Directors: Freddie Hutton-Mills, Bart Ruspoli
Writers: Freddie Hutton-Mills, Bart Ruspoli
Stars: Ed Stoppard, Daniel Feuerriegel, Robert Glenister
Taking two prominent strands of low budget British cinema – gangsters and vampires – and combining them seems like a logical enough step. After all, many would argue that crime is a kind of vampirism; that criminals and vampires share an innately parasitic nature, the former feeding on the blood of capitalism while the latter feed on, well, blood. In cinema at any rate, the milieu of the gangster isn’t dissimilar to that of the vampire: they’re apart from society, they largely come out at night and they spend the daytime locked away from the world (albeit in docklands apartments rather than coffins, but the allusion is there). So yes, it’s a not outlandish path to take and one which has already been trod by both Hollywood (Innocent Blood) and here in blighty (Dead Cert).
Cryptic is a more recent gangster / vampire crossover that was made in 2014, although to a large extent it plays a game that it then ducks out of at the last moment. A motley bunch of criminals are assembled by a prominent hoodlum to guard a coffin which contains something very important. It’s a weird job, for sure, but one they’re willing to do because all of them have been losing men at an alarming rate, victims of a so-called vampire killer who is praying solely on the denizens of the underworld. None of them like each other very much; at least one of them is a psychopath; and in the meantime they’re getting picked off one by one by the mysterious ‘vampire’, their corpses sporting prominent bite marks to the neck. Is one of them the killer? And what exactly is it that they’re guarding?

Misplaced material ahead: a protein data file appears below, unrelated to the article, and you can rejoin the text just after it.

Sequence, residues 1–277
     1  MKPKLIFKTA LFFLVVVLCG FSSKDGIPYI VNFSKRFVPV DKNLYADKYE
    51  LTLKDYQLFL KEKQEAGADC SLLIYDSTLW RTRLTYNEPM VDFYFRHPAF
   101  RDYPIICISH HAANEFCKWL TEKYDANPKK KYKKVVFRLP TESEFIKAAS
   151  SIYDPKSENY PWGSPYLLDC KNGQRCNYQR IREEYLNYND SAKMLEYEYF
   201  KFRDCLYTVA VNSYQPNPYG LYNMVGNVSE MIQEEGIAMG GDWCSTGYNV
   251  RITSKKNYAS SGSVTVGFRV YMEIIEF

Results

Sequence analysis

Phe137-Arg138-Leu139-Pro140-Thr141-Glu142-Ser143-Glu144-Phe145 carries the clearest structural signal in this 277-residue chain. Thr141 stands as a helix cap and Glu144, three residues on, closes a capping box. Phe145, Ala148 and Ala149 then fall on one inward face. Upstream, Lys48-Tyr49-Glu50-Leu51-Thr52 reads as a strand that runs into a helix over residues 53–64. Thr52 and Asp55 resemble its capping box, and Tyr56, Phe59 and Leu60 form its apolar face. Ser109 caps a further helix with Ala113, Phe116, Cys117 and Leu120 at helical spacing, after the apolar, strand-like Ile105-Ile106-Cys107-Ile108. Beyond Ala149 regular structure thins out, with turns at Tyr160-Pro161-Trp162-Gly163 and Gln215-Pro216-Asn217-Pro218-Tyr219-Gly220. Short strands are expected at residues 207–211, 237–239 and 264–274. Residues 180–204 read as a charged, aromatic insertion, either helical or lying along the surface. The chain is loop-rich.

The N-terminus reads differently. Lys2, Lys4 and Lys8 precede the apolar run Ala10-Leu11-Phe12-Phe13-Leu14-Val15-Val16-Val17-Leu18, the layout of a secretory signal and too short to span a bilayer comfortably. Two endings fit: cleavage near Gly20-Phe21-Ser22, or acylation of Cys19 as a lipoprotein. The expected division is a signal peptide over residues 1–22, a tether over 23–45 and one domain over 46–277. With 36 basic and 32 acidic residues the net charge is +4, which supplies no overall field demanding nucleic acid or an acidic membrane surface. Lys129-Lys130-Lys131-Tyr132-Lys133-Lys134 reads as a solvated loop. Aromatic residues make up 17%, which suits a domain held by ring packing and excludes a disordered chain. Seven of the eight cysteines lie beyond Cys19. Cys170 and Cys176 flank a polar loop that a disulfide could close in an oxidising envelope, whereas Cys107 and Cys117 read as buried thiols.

It’s a simple enough plot which makes the most of the low budget by featuring a single location and a streamlined narrative. Although the plot doesn’t offer anything particularly new and features some rather juvenile elements – some of the hoodlums are just a little bit too ‘weird’ – it is surprisingly well constructed and maintains its own internal logic. The direction is steady if unspectacular and it benefits from a better than usual cast which is well led by Ed Stoppard and features agreeable supporting turns from the likes of Vas Blackwood and Robert Glenister.